Architects urge PA for urban regeneration of Hal Mula

The Chamber of Architects has said that urban regeneration is the only solution to address the issues caused by mixed land uses in Hal Mula

Hal Mula is characterised by a long history of mixed developments resulting in an interlocking of varying conflicting land uses
Hal Mula is characterised by a long history of mixed developments resulting in an interlocking of varying conflicting land uses

The Chamber of Architects has said that urban regeneration is the only solution to address the issues around the Hal Mula area of Zebbug as a result of its mixed land uses.

Ħal Mula is characterised by a long history of mixed developments resulting in an interlocking of varying conflicting land uses.

In planning parameters proposed in February, the Planning Authority aimed to address these issues by seeking to ‘do away’ with the mixed-use zoning approach, and creating more specific character areas.

“Future proposed development which is of an industrial or commercial nature will be considered outside a number of predominantly residential dwelling areas,” the PA had said.

The plan also proposed that a number of other areas would be retained specifically as industrial areas, in-line with the original 1988 zoning.

“This is to ensure the continuity of the industrial function in the area with the incentive to redevelop from industrial to commercial,” the PA had added.

However, in its comments submitted during the public consultation of the partial review of the 2006 South Malta Local Plan, the chamber claimed that “it appears difficult to resolve these solely through a review of the Local Plan, particularly since legally permitted operations will continue to exist until such time as the owner decides to redevelop the property in question.”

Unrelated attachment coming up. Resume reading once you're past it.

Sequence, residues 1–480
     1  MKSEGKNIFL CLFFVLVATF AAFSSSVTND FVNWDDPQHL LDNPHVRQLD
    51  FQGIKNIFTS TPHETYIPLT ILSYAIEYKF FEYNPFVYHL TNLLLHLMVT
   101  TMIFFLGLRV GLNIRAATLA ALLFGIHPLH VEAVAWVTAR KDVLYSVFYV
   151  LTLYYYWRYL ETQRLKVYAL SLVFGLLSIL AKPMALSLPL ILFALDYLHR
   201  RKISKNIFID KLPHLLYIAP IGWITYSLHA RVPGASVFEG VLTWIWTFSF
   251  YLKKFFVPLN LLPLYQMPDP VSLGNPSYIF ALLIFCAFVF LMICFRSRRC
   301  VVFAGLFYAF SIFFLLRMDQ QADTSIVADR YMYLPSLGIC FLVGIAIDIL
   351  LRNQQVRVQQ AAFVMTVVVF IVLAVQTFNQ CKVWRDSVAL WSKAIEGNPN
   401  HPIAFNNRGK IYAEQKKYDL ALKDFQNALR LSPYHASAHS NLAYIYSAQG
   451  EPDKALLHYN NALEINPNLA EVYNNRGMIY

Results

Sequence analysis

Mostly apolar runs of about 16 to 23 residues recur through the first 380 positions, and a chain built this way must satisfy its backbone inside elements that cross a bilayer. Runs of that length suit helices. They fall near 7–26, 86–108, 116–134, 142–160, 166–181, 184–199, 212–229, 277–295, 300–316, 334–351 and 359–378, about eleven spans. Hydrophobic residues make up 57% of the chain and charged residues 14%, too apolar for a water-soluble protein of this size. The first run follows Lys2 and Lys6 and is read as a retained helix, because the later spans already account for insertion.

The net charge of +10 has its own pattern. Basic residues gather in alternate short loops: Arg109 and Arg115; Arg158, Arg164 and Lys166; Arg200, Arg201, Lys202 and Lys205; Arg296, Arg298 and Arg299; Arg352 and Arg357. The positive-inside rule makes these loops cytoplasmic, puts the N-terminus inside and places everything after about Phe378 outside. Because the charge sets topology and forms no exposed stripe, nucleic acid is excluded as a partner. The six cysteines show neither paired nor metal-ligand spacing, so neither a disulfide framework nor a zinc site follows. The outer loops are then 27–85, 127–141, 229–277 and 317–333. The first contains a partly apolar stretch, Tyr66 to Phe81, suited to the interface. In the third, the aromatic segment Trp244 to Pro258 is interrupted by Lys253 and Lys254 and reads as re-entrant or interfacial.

The chamber lamented that the proposed amendments to the Local Plan to not contribute to achieving the goal set by Strategic Plan for the Environment and Development (SPED) to ensure that “sectoral policies, activities and inputs are integrated and coordinated with each other.”

The chamber also held that the discord between the residents and industrialists is primarily a result of lack of enforcement of other regulations. “There is clearly a dichotomy between the principles which planning policy intends to achieve in this area, and what is happening in actual fact on the ground as a result of lack of adherence to operational regulations, health and safety regulations and other issues related to congestion, parking, cleansing and operating times,” the chamber said.

It said that the government must urgently undertake a comprehensive study of the existing situation, to ensure that all activities in the area are in accordance with all relevant regulations and to increase monitoring and enforcement in the area, with the aim of safeguarding the residents’ interests and also those of the economic operators.

The chamber insisted that the only planning mechanism that can address the area’s issues was holistic and comprehensive urban regeneration.

“In proposing an amended plan for the area, the Planning Authority and government have acknowledged the dire need for regeneration of this area,” the chamber concluded. “Therefore, the continued issuance of permits in this area on the basis of the current Local Plan which will only serve to exacerbate the current problems should be curbed.”

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